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Pruning blueberries: A guide

29.09.2023  /  Reading time: 10 minutes

Like other berry bushes, blueberries should be pruned once a year to ensure good fruit development. In addition to a higher harvest, pruning also ensures that your blueberry bushes stay healthy. You can find out how to prune blueberries correctly in the next sections.

This article contains:

  1. Blueberry bush & bilberry bush: an overview
  2. Pruning blueberry bushes: Good reasons
  3. Cutting back blueberries: The right time
  4. Pruning blueberry bushes & blueberry bushes correctly: What you should keep in mind
  5. Cutting blueberries in a pot
  6. Propagate blueberries/blueberries: Grow your own blueberries
  7. Frequently asked questions about cutting blueberries

Quick Overview

Pruning blueberries: This is how it works

  • Blueberries do not need to be prunedin the first three years. From the 4th year onwards, prune cultivated blueberries annually.
  • Blueberries are pruned in the spring (February/March) or in the fall after the harvest at temperatures above 0°C (to avoid frost damage ).
  • Sick shoots are also removed during the year.
  • Leave 2 - 3 two-, three- and four-year-old shoots on your plant, as well as approx. 5 one-year-old shoots. These shoots bear the most fruit.

Blueberry bush & bilberry bush: an overview

Pruning blueberry bushes: Good reasons
Although blueberries don't necessarily need to be pruned, pruning will ensure a better harvest and better health for your berry bushes. Photo by Nabin Mewahang on Pixabay.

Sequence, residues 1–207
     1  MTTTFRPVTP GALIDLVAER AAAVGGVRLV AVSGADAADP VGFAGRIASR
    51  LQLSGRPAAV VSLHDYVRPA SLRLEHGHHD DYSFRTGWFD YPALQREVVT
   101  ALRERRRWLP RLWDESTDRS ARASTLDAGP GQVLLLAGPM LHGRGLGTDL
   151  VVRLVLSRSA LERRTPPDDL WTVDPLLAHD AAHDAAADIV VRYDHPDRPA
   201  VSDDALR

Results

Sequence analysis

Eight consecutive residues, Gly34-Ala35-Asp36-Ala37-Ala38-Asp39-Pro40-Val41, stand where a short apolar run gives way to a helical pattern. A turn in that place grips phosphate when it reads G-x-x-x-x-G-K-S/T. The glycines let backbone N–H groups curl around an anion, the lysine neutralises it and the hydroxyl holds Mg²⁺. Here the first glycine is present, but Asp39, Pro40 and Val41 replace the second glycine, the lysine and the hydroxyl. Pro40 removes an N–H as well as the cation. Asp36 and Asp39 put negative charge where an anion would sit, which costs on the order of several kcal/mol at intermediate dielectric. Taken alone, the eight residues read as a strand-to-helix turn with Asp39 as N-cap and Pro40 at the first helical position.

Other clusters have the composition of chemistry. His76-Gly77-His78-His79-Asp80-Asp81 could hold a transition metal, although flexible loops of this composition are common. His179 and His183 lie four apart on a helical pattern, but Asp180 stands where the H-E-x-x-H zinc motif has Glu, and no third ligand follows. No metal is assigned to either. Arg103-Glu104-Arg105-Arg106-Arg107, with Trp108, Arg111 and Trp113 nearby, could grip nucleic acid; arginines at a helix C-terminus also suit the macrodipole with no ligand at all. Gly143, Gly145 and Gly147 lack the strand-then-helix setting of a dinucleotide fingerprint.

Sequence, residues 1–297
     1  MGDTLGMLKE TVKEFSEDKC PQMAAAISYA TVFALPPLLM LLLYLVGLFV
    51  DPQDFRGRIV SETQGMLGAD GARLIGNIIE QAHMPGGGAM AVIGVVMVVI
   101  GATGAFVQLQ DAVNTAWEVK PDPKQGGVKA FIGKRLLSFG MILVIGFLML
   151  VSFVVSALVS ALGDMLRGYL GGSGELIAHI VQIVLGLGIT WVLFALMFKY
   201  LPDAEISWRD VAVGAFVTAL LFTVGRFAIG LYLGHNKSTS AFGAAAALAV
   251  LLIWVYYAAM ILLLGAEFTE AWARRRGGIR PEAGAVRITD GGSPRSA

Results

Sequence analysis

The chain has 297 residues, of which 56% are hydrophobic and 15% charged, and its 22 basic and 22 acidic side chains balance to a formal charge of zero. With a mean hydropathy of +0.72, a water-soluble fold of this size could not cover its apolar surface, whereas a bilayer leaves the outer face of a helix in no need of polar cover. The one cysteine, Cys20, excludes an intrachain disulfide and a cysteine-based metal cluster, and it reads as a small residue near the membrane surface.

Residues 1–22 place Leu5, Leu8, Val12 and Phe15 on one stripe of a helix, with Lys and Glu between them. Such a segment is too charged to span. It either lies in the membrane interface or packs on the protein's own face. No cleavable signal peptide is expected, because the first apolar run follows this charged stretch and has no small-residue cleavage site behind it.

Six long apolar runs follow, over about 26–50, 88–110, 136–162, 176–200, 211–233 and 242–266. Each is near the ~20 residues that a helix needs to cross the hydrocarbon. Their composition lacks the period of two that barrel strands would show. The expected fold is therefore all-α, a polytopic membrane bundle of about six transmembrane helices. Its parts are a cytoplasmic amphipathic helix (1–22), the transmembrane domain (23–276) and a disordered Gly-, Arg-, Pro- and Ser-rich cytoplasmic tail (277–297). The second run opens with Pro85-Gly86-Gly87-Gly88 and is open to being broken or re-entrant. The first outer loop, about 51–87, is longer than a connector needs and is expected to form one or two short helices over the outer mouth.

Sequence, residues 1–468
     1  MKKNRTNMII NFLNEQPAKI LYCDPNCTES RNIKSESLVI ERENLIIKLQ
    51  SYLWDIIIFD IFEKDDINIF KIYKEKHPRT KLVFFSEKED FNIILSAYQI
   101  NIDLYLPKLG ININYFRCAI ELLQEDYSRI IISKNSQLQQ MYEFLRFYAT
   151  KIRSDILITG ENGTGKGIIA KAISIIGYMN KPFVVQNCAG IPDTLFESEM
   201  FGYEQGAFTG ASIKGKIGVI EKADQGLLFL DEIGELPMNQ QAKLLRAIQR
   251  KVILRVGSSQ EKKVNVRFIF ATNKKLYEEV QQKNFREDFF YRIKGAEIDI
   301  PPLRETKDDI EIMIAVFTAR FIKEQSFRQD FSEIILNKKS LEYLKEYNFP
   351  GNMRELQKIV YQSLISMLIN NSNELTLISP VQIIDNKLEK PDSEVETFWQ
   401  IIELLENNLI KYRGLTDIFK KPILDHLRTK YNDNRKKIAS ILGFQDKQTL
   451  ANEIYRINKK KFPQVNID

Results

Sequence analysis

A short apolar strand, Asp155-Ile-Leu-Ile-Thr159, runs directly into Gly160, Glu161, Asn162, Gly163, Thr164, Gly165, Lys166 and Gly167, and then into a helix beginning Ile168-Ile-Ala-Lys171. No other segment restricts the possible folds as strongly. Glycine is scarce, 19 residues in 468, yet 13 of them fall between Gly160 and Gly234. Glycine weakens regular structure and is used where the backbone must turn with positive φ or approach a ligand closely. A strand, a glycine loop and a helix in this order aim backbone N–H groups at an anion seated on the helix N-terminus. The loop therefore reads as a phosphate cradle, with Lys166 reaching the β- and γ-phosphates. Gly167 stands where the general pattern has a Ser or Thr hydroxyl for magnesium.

Blueberries and blueberries are simply different trivial names for different species from the blueberry genus(Vaccinium) . However, they are usually used as synonyms, which makes it difficult to differentiate between them. Strictly speaking, only varieties with the botanical name Vaccinium myrtillus count as blueberries and bilberries.

Pruning blueberry bushes: Good reasons

Pruning your blueberry bush is not absolutely necessary, but it is worthwhile for several reasons:

  • By pruning, you ensure that only strong, young shoots remain on the bush, which can then provide you with a rich harvest the following year. By shortening old, weak and overly dense shoots, you give your plant more strength for fruiting and larger and more berries will form.
  • At the same time, pruning also encourages the formation of new shoots, which guarantees your harvest for the following years.
  • The more shoots there are on your plant, the longer it will take for your fruit to ripen. The age of the shoots also plays a role in the ripening time. Young shoots produce ripe fruit more quickly.
  • Pruning keeps your blueberry bush in shape and also keeps diseases and pests at bay.
  • By removing shoots that are too dense, you bring more light into your plants and ensure good air circulation. This keeps diseases at bay and gives your fruit enough light for the ripening process.

Cutting back blueberries: The right time

Blueberries do not need pruning for the first three years after planting. This is because blueberry bushes develop quite slowly. To stimulate growth, you can also remove the flowers in the first three years to give the plant more vigor. You can then start pruning in the fourth year. Thinning out and cutting off old shoots then takes place annually. Some gardeners only prune their blueberries every few years. Regardless of the timing, however, diseased or pest-infested branches should always be removed as quickly as possible.

The weather is also important for the right time. You should only prune your blueberries on frost-free and preferably dry days, otherwise the plant will be damaged or diseases can penetrate more easily.

Pruning blueberries
Pruning not only shapes your blueberries, but also ensures good air circulation inside your bushes. This helps to make it harder for diseases to take hold on your bushes. Photo by Kjerstin Michaela on Pixabay.